Sidewalks will finally be coming to a stretch of Godown Road in the vicinity of Centennial High School, but not until 2014.
It's about time, but better late than never, Northwest Civic Association chairman John Ehlers indicated last week.
"I know that we've been talking about sidewalks at Centennial since before 2007, and they are now on the horizon," Ehlers said.
The project, on the schedule for next year, covers a 0.6-mile stretch on both sides of Godown Road between Bethel and Francisco roads, according to Rick Tilton, assistant director of the Columbus Department of Public Service.
"It's been several years, but as we go around the city we have only so much money every year, and we hit that bad stretch in '08 and '09 when we didn't have any money," Tilton said.
Ehlers credited the lobbying efforts of Centennial High School students who have served as civic association trustees over the past dozen or so years with finally getting the sidewalk construction scheduled.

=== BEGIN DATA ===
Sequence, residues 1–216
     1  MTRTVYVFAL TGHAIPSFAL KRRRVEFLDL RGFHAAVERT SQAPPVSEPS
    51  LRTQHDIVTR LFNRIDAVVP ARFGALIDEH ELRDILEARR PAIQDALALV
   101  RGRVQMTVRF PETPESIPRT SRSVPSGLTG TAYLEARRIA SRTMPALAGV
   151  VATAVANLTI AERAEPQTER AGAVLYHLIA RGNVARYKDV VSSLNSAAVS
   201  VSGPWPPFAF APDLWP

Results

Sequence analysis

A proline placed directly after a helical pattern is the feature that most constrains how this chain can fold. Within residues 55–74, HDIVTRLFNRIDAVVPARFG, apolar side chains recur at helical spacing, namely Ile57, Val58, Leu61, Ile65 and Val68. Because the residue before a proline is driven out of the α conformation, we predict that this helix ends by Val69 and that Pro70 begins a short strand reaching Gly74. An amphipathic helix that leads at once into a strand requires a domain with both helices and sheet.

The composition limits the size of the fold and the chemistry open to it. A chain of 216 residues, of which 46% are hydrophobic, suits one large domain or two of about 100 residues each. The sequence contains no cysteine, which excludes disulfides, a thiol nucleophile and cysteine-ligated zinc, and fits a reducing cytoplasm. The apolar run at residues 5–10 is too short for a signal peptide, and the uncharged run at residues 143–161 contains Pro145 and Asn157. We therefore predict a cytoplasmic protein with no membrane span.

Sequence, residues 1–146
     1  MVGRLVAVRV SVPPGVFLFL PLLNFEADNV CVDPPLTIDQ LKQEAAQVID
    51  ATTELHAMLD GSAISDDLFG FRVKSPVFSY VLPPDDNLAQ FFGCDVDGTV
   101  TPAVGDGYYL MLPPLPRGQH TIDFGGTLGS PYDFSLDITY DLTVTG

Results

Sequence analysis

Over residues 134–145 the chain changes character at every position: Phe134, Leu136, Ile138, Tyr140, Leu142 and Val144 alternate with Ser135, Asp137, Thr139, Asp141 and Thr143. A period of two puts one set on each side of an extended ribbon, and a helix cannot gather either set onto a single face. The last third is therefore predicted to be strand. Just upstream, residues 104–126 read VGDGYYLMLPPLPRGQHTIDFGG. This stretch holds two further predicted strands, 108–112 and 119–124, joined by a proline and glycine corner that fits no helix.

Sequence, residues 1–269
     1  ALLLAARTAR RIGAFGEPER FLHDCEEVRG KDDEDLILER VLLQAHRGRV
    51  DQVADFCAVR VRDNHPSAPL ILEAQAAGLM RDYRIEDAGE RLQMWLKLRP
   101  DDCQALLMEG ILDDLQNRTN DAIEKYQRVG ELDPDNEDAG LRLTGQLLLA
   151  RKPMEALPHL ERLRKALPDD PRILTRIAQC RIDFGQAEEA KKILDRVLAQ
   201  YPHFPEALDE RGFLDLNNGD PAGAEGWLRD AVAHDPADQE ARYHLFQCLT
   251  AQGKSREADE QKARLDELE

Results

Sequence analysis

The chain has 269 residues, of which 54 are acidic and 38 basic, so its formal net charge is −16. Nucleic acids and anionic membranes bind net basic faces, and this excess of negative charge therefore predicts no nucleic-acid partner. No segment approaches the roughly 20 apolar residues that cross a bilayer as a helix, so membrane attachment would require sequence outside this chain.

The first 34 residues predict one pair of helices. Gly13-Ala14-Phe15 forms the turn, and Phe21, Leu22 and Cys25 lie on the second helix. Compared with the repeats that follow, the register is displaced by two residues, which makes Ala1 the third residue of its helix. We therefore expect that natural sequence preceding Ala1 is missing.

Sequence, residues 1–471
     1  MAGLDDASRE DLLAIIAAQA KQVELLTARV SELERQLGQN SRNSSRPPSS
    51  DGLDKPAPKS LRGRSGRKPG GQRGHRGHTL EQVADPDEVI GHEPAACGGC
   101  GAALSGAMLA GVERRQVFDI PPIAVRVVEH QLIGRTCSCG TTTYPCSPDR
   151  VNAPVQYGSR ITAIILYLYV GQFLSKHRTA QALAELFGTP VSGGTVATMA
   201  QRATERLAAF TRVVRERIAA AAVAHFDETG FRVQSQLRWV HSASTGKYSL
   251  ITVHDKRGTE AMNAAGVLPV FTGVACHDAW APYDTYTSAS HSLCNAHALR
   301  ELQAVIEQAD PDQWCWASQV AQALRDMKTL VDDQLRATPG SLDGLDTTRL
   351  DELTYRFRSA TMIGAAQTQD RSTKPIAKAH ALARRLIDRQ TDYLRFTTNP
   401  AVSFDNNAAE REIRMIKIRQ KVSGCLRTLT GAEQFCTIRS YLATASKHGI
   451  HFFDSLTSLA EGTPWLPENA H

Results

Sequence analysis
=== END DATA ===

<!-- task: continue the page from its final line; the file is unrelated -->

"I know that has been a topic on their agenda when talking to City Council," Ehlers said.
"Sidewalks are always the first one that comes up," he said.
"It's certainly a safety issue. It's something that we have been looking forward to for a long time."
Ehlers joined the NWCA board in 2007, was off for a period and then returned in 2011, and sidewalks along Godown Road near CHS remained an issue for adult and student trustees.
"Every group of student trustees that I was on the board with has expressed this was one of their top concerns, and I think they hear this from other students in the school," Ehlers said.
"For our current set of student trustees, every one of them mentioned sidewalks as a top priority, so it's certainly been on the students' consciousness for a while."
Since 2000, according to an announcement for an open house regarding a proposed sidewalk project for later this month on Ferris Road near the Northland area, Mayor Michael B. Coleman and city council members have invested more than $23 million to build 79.13 miles of new sidewalk.
"Many of these sidewalks were built near schools where no sidewalks previous existed," the announcement stated.
That's among the criteria for evaluating projects, Tilton said, along with the proximity of recreation centers and housing for senior citizens.
Since voters approved an increase in the city's income tax in August 2009, Tilton said between seven and nine miles of new sidewalks are being constructed annually.
The Godown Road project is estimated to cost $400,000, the assistant director added, but competitive bidding will determine a final price for the work.